A few months before his death in August 2007, Gregory Cherry, owner of the historic James A. Fields House in Newport News, VA spoke to my genealogy society about the this historic house and his work in acquiring and restoring the house. I knew right then that I needed to get involved with the Fields House and even mentioned this to Greg after his presentation. I had good intentions when I met him, but did not initiate anything at that time. I did not give any serious thought to getting involved with the Fields House until I learned that Greg Cherry had passed away on August 8, 2007.

Saundra Cherry
As fate would have it, I would meet Greg's wife, Saundra, the following year and she would become a constant part of my life. During our conversations, she would mention the Fields House and the work she was continuing that had been started by her late husband. One of the projects she talked about was about creating a family tree of the descendants of the Fields Family. Eventually, I offered to type up the tree in a genealogy program. Saundra had drawn a family tree on a large roll of paper that is the length and size of a roll of gift wrapping paper.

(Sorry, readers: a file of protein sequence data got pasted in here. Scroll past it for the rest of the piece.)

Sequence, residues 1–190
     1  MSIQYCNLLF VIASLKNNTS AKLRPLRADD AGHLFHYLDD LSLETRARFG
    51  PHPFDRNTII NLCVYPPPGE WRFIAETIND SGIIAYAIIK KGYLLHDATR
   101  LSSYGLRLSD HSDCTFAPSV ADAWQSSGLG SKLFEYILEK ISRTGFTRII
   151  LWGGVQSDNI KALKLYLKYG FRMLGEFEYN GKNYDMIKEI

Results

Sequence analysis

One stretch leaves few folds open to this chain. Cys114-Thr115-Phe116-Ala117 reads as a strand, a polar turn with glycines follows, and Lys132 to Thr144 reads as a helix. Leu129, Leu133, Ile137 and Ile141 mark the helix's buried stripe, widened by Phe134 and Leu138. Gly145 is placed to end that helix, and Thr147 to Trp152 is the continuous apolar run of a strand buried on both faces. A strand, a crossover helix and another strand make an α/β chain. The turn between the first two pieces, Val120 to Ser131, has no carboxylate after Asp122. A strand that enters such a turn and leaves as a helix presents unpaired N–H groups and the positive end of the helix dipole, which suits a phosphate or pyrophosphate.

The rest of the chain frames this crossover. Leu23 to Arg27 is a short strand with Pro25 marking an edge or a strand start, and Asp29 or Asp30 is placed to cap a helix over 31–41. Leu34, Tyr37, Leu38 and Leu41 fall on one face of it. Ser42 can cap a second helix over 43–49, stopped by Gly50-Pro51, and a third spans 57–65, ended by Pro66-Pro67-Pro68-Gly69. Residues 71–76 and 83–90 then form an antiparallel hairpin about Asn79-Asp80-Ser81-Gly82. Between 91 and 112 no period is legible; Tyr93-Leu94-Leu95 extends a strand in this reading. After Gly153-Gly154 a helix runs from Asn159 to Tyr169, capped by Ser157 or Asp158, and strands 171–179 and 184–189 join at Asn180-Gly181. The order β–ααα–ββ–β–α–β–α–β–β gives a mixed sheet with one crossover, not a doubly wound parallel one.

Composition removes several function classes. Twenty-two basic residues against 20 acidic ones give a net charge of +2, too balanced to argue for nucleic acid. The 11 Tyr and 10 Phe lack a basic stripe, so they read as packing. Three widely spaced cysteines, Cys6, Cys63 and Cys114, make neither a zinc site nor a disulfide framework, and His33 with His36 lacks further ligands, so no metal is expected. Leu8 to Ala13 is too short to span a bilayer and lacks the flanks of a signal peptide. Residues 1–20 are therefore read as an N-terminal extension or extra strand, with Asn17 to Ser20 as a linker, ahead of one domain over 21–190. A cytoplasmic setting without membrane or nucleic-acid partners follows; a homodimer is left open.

Typing the Fields Family Tree
On a Friday evening after work in October 2009, I decided to begin typing the Fields Family Tree. This was the commitment to get involved with the Fields House that I had promised Greg Cherry more than two years earlier. I thought that it would take me longer to complete this task, but I actually finished the project that night. As I studied the names on this family tree, in particularly James A. Fields, his siblings, and parents, I longed to know more about this family. A few brief Internet searches gave me some initial info on Mr. Fields and his historic house.

The Fields House Blog